Who are you? Most of the time, people ask this question more tactfully, “What do you do?” Or, if in an arena providing more time, they may say, “Tell me about yourself.” But the quest remains the same: to find out who you are.
We craft elaborate answers to these three words—who, are, you?—and hang data from each serif of every letter. I’m a doctor, a lawyer, an Indian chief. I’m a mason, a mother, a machinist; a parson, a podiatrist, a philanthropist; a dancer, a debutante, a developer; a queen, a quadruplet, a Monday-morning quarterback; a general, a guru, a gypsy at heart.
And we continue to sophisticate our identities with qualifiers: I’m a doctor of dermatology, a lawyer in Louisiana, or I am Chief of the Cherokees. But while there appears to be honor in most of what we have listed thus far, there are those who if asked and were honest, would say, “I am nobody.”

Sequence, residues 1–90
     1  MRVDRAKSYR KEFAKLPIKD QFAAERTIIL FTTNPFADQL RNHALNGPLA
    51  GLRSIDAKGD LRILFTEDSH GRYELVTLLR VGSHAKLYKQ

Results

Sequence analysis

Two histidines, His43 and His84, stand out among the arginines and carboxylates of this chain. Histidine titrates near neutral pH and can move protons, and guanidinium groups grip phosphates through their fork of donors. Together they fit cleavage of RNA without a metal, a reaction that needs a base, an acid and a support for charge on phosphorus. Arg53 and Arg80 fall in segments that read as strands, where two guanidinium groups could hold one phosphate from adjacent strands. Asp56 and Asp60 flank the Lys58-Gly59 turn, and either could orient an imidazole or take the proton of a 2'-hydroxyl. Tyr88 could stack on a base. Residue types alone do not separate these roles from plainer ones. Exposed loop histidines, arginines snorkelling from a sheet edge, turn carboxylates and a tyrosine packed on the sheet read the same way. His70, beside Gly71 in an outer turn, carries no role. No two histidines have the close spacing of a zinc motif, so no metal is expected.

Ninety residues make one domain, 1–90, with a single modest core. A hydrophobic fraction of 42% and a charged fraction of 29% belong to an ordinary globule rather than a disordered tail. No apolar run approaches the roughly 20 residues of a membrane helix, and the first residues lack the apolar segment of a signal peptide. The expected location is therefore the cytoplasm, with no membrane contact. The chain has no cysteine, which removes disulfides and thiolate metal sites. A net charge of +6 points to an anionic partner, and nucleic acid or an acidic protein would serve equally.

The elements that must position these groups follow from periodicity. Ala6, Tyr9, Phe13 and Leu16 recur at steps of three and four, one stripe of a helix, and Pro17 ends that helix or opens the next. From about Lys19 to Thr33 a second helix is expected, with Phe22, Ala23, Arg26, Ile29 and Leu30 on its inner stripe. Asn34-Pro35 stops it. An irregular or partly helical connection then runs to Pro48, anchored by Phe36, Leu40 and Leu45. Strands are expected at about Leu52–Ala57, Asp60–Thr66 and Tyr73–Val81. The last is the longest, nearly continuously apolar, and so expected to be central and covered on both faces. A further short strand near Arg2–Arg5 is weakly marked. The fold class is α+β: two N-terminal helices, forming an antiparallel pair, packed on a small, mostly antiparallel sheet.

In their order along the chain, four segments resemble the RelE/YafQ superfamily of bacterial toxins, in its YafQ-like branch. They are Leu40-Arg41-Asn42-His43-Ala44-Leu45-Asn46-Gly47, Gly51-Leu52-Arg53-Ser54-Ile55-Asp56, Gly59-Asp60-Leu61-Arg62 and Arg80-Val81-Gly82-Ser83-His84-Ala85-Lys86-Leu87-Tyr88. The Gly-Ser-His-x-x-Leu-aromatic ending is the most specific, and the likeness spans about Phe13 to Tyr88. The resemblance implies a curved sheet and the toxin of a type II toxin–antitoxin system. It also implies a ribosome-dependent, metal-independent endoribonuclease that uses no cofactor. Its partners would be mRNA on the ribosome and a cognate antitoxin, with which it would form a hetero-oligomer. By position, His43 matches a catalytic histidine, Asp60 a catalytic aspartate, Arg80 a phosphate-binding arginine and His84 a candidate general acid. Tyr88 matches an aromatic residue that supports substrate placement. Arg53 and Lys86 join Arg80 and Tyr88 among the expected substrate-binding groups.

We tend to plot our identity somewhere on a spectrum between success and failure. Acumen, accolades, and acceptance are used to determine who you are. Money and material possessions map your identity location on the success-failure spectrum.
Quickly take inventory. Where do you perceive your identity to be on the spectrum?
Next: Where do you think God has you on this spectrum?